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Towards an adaptive model for simulating growth of marine mesozooplankton: a macromolecular perspective

Acheampong, E., Nielsen, M.H., Mitra, A. and St. John, M.A. 2012. Towards an adaptive model for simulating growth of marine mesozooplankton: a macromolecular perspective. Ecological Modelling 225 , pp. 1-18. 10.1016/j.ecolmodel.2011.11.002

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Ultimately, the structure and functioning of marine ecosystems is defined by the transfer of autotrophic production to higher trophic levels and selective consumption of these autotrophs by predators. Hence, feeding regulation via modification of grazing and food incorporation by predators is critical for understanding and predicting the dynamics of ecosystems. In marine ecosystem and biogeochemical models, feeding regulation by consumers is assumed to be mainly dictated by food quality (Q), which is determined using food quality modules (FQMs) that mimic a consumers’ ability to anticipate fitness consequences for feeding on specific prey items. Current FQMs are based on frameworks that a priori identify specific food components, usually nitrogen (N), and/or phosphorus, as limiting. This negates the importance of consumer physiology, and ignores biochemical constrains on the limiting role of chemical elements in animal production. To help address these problems, we propose a new adaptive approach that bases Q on consumers’ capacity for food uptake and metabolic physiology. Uniquely, it (i) has separate pathways for the utilisation of carbon (C) associated with proteins, lipids and carbohydrates, (ii) considers stage-specific structural biochemical requirement of animals, and (iii) does not treat consumers’ structural demand for carbon as a “unitary requirement” but discriminates among the required biochemical forms of carbon. The approach is applicable to all heterotrophs. In the example given here the model has been configured to represent the calanoid copepod Acartia tonsa. Consistent with experimental observation, but unlike previous models, our model predicts the relationship between Q and food C:N to be unimodal with a maximum Q only at the threshold C:N for biomass production. Results suggest that prey C:N ratios may be irrelevant for food quality due to macromolecular biochemical constrains on the utilisation of chemical elements. This result emphasizes the importance of biochemical substances in animal nutrition and production as well as the necessity of developing food quality models able to adapt to the biochemical needs of the consumer.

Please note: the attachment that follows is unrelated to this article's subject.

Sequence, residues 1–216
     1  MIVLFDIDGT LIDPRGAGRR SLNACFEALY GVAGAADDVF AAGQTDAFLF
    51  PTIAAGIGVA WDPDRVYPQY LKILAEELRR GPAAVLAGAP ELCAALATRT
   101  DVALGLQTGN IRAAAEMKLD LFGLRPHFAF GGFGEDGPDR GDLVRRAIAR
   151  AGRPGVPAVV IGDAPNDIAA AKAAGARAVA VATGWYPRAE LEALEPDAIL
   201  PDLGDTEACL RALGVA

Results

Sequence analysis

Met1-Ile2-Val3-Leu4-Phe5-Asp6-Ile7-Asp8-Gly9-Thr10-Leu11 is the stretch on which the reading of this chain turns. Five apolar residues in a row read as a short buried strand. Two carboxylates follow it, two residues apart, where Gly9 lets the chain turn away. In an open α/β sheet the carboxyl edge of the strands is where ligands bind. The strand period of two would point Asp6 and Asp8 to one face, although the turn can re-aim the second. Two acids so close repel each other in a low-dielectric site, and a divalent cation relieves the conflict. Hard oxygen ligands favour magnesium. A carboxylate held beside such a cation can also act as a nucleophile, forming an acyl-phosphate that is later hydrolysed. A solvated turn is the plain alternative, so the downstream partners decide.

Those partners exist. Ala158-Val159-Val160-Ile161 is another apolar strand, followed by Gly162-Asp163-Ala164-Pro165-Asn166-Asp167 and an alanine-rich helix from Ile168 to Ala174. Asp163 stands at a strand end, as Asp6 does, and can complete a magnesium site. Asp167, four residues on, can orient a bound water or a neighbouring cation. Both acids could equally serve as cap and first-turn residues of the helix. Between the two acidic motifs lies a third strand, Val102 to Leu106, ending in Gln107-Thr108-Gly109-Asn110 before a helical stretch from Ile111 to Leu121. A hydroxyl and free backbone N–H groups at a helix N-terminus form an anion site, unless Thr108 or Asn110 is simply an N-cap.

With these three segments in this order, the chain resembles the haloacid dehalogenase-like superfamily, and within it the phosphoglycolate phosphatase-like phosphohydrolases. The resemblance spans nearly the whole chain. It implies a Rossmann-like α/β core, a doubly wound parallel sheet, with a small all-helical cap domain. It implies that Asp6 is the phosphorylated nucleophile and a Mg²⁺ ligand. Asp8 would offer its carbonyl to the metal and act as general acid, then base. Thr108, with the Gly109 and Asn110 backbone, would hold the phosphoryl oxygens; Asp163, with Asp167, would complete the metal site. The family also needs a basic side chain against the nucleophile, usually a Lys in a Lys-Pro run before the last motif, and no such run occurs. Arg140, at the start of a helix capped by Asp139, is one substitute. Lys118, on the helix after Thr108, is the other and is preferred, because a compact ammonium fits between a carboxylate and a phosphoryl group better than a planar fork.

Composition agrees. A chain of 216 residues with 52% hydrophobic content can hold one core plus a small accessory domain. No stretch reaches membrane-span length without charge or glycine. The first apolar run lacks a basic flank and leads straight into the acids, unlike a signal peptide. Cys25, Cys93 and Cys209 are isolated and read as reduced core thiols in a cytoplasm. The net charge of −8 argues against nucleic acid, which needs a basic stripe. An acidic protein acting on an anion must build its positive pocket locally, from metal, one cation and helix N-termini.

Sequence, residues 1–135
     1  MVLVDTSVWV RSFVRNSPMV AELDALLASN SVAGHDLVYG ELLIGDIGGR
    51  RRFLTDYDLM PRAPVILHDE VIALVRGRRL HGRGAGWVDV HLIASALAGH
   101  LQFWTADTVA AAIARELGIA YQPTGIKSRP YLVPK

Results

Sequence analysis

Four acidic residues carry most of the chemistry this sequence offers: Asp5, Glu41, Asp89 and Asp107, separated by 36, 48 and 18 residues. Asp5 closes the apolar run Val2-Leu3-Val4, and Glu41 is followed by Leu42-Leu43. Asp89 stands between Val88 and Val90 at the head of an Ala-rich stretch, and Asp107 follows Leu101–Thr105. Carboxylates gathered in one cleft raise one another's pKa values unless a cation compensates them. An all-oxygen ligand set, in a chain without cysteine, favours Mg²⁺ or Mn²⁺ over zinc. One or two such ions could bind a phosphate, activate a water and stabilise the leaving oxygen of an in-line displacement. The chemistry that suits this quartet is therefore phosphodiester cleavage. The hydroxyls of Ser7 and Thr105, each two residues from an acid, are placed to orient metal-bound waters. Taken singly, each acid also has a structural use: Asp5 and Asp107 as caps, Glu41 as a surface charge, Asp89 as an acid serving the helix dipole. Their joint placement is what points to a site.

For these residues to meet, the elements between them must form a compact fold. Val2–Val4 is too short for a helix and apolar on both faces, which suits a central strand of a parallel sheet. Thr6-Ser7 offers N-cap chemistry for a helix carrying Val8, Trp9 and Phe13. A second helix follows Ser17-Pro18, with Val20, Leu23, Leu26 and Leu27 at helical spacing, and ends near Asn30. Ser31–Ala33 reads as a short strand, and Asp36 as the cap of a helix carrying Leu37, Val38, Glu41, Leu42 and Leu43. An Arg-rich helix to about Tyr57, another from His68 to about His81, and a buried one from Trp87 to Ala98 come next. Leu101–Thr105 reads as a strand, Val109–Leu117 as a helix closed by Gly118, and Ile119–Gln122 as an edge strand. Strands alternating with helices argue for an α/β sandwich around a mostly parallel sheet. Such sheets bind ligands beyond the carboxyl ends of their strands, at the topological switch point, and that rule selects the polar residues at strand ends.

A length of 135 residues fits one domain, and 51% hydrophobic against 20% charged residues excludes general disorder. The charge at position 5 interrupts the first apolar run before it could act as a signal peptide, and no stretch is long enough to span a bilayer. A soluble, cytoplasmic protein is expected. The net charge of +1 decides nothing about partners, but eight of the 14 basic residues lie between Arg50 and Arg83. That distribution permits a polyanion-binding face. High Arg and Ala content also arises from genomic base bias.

Item Type: Article
Date Type: Publication
Status: Published
Schools: Earth and Ocean Sciences
Publisher: Elsevier
ISSN: 0304-3800
Date of Acceptance: 2 November 2011
Last Modified: 12 Mar 2020 13:00

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